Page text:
Search America's historic newspaper pages from 1789-1963 or use the U.S. Newspaper Directory to find information about American newspapers published between 1690-present. Chronicling America is sponsored jointly by the National Endowment for the Humanities external link and the Library of Congress. Learn more
About Wichita eagle. [volume] (Wichita, Kan.) 1883-1888
Wichita, Kan. (1883-1888)
- Wichita eagle. [volume] : (Wichita, Kan.) 1883-1888
- Place of publication:
- Wichita, Kan.
- Geographic coverage:
- M.M. Murdock & Bro.
- Dates of publication:
- Vol. 12, no. 4 (Apr. 19, 1883)-v. 16, no. 44 (Jan. 20, 1888).
- Kansas--Sedgwick County.--fast--(OCoLC)fst01209406
- Sedgwick County (Kan.)--Newspapers.
- Wichita (Kan.)--Newspapers.
- Archived issues are available in digital format as part of the Library of Congress Chronicling America online collection.
- Issued in daily edition called: Daily eagle (Wichita, Kan.) May 20-June 7, 1884; and: Wichita daily eagle (Wichita, Kan. : 1884) June 8, 1884-Aug. 17, 1886; and: Wichita eagle (Wichita, Kan. : 1886) Aug. 18, 1886-Mar. 16, 1890.
- sn 85032575
- Preceding Titles:
- Succeeding Titles:
- Related Titles:
- Related Links:
- View complete holdings information
- First Issue Last Issue
The Wichita City Eagle and Wichita Eagle
In 1872, the Wichita City Eagle debuted as the dominant newspaper of south-central Kansas and a pioneer newspaper of the state. Established in 1870 and named after an Indian tribe, Wichita was the seat and largest city of Sedgwick County. The first issue of what would later become widely known as the Eagle was published on April 12, 1872. It boasted a circulation of nearly 400 in a city of only 1,500 people. By 1877, the Eagle's readership reached 1,500 as Wichita’s population grew to over 4,800; five years later circulation swelled to more than 2,500 in a county of 18,000. On April 19, 1883, the Wichita City Eagle changed its name to the Wichita Eagle, which, like its predecessor, was a Republican weekly. As Wichita grew so too did the Eagle. In 1888, when the population of the county surpassed 48,800, with 31,700 living within the city limits, the Eagle's readership reached 6,000.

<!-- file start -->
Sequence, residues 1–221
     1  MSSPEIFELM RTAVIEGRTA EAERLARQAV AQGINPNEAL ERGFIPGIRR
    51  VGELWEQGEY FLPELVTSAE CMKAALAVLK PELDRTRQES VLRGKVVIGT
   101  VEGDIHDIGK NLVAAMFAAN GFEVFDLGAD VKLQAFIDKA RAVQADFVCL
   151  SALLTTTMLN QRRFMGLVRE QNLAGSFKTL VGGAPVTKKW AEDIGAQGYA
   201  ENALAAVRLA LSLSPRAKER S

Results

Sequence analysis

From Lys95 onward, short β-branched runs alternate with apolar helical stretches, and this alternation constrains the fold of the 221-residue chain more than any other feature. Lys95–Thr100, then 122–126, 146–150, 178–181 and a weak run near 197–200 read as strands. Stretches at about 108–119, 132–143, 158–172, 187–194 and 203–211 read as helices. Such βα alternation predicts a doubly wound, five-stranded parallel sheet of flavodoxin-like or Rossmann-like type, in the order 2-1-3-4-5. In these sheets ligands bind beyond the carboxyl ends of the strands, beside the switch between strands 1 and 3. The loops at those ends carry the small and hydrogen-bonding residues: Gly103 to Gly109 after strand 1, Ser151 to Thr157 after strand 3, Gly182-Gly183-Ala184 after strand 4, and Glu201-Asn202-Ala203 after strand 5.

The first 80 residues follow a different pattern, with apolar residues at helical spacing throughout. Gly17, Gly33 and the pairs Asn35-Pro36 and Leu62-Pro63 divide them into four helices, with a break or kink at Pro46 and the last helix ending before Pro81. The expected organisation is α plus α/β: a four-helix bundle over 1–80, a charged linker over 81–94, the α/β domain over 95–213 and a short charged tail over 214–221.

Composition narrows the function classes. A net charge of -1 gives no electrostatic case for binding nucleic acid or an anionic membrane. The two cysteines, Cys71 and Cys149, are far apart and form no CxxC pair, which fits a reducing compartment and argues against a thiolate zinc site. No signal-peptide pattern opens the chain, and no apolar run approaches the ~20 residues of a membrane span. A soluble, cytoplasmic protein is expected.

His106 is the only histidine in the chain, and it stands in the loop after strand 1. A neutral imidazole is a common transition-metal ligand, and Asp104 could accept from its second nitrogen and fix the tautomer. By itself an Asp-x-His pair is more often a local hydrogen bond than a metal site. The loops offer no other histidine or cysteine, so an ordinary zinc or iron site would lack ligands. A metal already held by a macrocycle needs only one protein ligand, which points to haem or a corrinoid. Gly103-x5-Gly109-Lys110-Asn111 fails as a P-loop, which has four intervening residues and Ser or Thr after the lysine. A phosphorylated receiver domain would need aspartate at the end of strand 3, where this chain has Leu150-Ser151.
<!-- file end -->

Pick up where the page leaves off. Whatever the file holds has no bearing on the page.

In order to become better acquainted with the people of Wichita, Eagle founder Marshall M. Murdock (1837-1908) had personally delivered the first issue of the newspaper to every home and business. Murdock’s younger brother, Roland P. Murdock (1843-1906), assisted him as publisher and editor. Marshall Murdock began his journalistic career at the Burlingame Osage Chronicle in 1863 before moving to Wichita. In 1864, Murdock enlisted as a lieutenant colonel of the Osage and Lyon county militia in the wake of Confederate General, and former Missouri governor, Sterling Price’s raid on Kansas. As publisher, Murdock, commonly remembered as “Marsh,” expressed to the newspaper’s readers that “the ambition of its founder is, and will be, to make [the Eagle] the leading journal of the Great Southwest.”
Just as the people of Wichita welcomed the arrival of the Eagle, railroads bringing cattle from the south helped establish Wichita as the “cow capital” of Kansas. The Eagle's popularity continued to increase with the growth of the region. The paper’s headlines frequently concerned railroad expansion, the cattle and wheat industries, and temperance unions.
The Wichita Eagle simultaneously published a daily edition called the Daily Eagle in 1884 and the Wichita Daily Eagle until 1886. Following the January 20, 1888 issue, the title changed to the Wichita Weekly Eagle in an apparent attempt to help differentiate it from its daily counterparts. Weekly editions lasted until 1919 when greater demand for daily newspapers made such publications irrelevant. The main competitor of the Eagle was the Democratic Wichita Weekly Beacon published by David G. Millison and Fred A. Sowers, along with a daily edition, the Daily Beacon, both founded in 1872. Sowers had published the first newspaper in the area called the Wichita Vidette back in 1870-72. The Eagle and the Beacon remained strong rivals for nearly 90 years until the latter merged with the Evening Eagle in 1960 to form the Evening Eagle and Beacon under Marcellus Murdock, the son of Marshall M. Murdock.
Provided by: Kansas State Historical Society; Topeka, KS